By Claire Klodell, Staff Writer
An endless mirage of cornfields, pro-life billboards and the iconic “Hell is Real” sign is what the typical drive through southern Ohio looks like. For a few days during June, however, there is an ending destination which makes the road trip slightly more eventful. This is a major understatement; Nelsonville Music Festival has been transforming a lethargic car ride into a three-day holiday since 2005.
The festival began as a one-day event for the first three years and featured only six bands. For the first year, it was held on the square outside of Stuart’s Opera House and then relocated to Rocky Boots along the Hocking River for 2006 and 2007. The event expanded to three days in 2008 and moved to Robbins Crossing at Hocking College. Willie Nelson headlined in 2009, which was the moment of realization that this was going to blow up in the upcoming years. 2012 was when Nelsonville Music Festival grew to a four-day event.
Stuart’s Opera House is located in Nelsonville’s Historic Arts District and has organized the festival since 2005. It has been showcasing events since 1879, but closed for a brief period of time in 1924. Stuart’s reopened its doors in 1976, and now hosts over 75 events per year. ACRN spoke with Brian Koscho to learn more about the evolution of such an elaborate event.
“Every year it evolves a little bit more, we’ve added whole stages, like the Boxcar Stage, which is free for all four days was added in 2016 and its backdrop is an old boxcar we repainted and fixed up adding a live mural to NMF last year. We’ve added more aesthetics on the grounds, like the Gladden House Sessions a few years back. It’s a partnership with Ohio University Media Arts and Studies and WOUB Public Media, and featured musicians playing sets filmed on the front porch of one of the cabins with multiple cameras and great audio along with interviews,” he said.
“We are always thinking of ways to improve the experience and add new things to keep it exciting. Things have evolved and changed over 13 years of course, but the mission and basic idea is still the same, to have a great festival and bring the work that Stuart’s and NMF does into the community on a larger scale that has a positive economic impact on our region and helps raise money for Stuart’s Opera House. But, we are always thinking of new things to add and ways to improve the experience.”
Deemed as “one of the best-kept secrets of the U.S. music festival circuit” by Billboard, Nelsonville drew in 5,000-7,000 attendees per day in 2016. For a little over half a million dollars, they can support 21.9 full-time equivalent jobs and generate $23,894 in local government revenue.
Wayne Coyne, the lead singer of The Flaming Lips, yelled out to the crowd from the Main Stage, when they headlined in 2015. “We hope this festival goes on for another 100 years! We play festivals all over the world and this is just a really beautiful, cool thing you’ve got going on here.”
Mainstream festivals like Coachella have become so immensely commercialized, even when their CEO funds anti-gay, climate-change denying hate groups. Whereas with Nelsonville, they have a reputation of consistently advocating for sustainability.
“We do what we do here because it is important to us. This event has been Zero Waste for years and years now and even before that we were concerned with recycling and our carbon footprint as a whole. There has always been a huge focus at the festival and in advance to create as little waste as possible and to educate and inform the attendees on how they can help do that. We view NMF as a community event, and we want to be good stewards of our environment as a part of that community,” said Brian.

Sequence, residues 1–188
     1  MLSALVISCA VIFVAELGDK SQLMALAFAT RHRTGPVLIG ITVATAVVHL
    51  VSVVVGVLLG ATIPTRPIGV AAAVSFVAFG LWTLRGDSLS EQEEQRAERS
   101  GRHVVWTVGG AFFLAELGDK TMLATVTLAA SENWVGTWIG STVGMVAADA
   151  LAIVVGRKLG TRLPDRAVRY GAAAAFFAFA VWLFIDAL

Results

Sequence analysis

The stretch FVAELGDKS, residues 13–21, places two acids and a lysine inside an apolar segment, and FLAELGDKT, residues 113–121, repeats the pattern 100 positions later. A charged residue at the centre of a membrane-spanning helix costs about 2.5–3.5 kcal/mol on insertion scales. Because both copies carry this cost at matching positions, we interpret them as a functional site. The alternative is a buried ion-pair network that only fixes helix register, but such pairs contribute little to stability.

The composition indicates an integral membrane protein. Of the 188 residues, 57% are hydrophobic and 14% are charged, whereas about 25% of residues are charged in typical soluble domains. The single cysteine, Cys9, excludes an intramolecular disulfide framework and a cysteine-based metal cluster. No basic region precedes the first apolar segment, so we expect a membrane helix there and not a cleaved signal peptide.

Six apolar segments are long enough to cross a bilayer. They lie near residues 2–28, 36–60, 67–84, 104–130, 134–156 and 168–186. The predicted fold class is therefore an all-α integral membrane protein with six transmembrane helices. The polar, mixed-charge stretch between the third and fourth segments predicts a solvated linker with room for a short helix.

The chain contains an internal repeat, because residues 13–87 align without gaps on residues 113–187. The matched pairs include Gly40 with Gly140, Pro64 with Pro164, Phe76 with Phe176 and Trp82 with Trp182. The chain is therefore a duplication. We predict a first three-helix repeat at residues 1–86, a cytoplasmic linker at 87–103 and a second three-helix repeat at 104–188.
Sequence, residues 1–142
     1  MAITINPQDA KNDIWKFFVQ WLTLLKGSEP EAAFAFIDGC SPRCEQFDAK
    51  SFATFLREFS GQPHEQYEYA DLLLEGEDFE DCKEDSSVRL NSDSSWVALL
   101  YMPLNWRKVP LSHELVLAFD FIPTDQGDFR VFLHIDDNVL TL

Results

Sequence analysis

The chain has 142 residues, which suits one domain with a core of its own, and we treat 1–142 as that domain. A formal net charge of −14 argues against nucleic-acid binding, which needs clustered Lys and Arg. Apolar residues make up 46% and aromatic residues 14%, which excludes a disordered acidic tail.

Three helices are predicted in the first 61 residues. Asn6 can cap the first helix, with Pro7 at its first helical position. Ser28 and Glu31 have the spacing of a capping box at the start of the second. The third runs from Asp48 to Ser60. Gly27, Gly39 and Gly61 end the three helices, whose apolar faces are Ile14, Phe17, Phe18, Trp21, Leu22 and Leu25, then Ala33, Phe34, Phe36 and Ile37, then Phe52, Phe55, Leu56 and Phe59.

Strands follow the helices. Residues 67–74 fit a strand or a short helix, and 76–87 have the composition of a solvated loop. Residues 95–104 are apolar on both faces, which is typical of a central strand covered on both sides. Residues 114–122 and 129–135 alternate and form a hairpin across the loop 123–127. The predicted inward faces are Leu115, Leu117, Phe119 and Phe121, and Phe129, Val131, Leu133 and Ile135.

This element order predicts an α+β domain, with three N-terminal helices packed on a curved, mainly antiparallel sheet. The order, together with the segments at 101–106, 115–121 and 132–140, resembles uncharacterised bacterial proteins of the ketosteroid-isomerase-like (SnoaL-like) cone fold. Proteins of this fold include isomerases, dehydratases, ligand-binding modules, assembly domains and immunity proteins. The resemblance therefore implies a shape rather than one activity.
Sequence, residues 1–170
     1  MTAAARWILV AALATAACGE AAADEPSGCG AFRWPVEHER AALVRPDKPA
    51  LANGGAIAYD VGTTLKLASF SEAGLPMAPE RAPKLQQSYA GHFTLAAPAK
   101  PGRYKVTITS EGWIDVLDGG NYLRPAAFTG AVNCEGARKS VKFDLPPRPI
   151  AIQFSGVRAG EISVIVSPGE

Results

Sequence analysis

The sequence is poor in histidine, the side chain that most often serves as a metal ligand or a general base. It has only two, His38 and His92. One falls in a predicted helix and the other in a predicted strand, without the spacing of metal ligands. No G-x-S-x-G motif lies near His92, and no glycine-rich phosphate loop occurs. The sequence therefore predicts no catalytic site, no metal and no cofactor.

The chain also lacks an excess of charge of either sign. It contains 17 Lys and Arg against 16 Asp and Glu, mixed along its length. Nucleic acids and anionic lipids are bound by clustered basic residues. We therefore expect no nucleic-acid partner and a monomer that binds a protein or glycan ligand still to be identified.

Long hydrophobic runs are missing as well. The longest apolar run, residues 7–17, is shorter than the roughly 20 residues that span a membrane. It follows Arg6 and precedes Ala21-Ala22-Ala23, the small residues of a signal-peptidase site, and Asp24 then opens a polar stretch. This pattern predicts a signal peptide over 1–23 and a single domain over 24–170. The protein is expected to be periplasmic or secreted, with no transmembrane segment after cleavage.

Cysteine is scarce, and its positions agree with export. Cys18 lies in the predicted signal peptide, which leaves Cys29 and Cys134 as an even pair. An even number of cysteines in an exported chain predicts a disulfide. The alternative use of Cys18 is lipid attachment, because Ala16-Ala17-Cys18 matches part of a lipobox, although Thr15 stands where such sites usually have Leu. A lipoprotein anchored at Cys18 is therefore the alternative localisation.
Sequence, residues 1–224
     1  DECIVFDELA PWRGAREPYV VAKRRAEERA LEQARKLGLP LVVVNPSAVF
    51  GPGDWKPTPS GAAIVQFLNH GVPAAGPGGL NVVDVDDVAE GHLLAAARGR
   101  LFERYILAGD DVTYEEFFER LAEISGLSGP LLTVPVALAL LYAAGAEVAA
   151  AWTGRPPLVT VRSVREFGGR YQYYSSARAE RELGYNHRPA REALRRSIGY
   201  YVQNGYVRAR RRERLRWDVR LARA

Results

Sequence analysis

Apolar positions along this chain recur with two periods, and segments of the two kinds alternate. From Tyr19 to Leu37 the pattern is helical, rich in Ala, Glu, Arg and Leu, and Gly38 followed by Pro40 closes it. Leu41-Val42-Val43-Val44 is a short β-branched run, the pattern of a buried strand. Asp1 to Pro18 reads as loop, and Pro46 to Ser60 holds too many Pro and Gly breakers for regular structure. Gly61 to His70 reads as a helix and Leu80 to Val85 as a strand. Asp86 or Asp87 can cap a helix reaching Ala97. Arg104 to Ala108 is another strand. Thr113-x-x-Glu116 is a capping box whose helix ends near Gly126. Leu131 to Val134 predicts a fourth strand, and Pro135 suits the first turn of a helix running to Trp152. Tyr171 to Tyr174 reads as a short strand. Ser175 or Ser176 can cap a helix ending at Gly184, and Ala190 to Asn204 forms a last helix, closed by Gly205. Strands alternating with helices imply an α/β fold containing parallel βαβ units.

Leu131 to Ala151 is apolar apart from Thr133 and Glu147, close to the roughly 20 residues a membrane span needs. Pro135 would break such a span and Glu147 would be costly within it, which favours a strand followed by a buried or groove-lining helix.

Zero Waste is no exaggeration, 92 percent of the trash produced at the 2016 festival was diverted from the landfill.
Zulfa Rizqiya, a volunteer in the Beer Garden of NMF in 2016, said, “If NMF didn’t advocate and practice sustainability, it would definitely lose a large portion of its audience. Sustainability is a major part of what makes NMF great, not only because it helps combat our major climate issue, but also because it’s what the community values.”
While Nelsonville is not a city recognizable by anyone outside of Ohio, she believes it is the prime place for the festival to be located.
“Unlike other music festivals, NMF is defined by its location and community. I mean, you have Lollapalooza and Bonnaroo with names that are arbitrary to their locations. What does the name “Lollapalooza” have to do with Chicago? NMF complements Nelsonville by embracing the quirks of its location, setting itself apart from other festivals. Who didn’t love the giant parade of balloon cicadas invading the main stage last year in honor of the 17-year cicadas? Musicians even raved on stage about how they could rent bikes at the festival and explore the beautiful county through the bike path. You won’t get these outside of Appalachia.”
This year, Nelsonville Music Festival will feature over 60 artists including Conor Oberst (of Bright Eyes), They Might Be Giants, Emmylou Harris, Parquet Courts, Twin Peaks, Shannon and the Clams, and many more. The event will take place Thursday, June 1 through Sunday, June 4 at Robbins Crossing at Hocking College. You can purchase your tickets here.
“Nelsonville is Stuart’s home, and we think it is a great place to host a music festival. Southeast Ohio and Athens County are wonderful places, and we couldn’t think a better spot than Nelsonville to have a big old party,” Koscho remarked.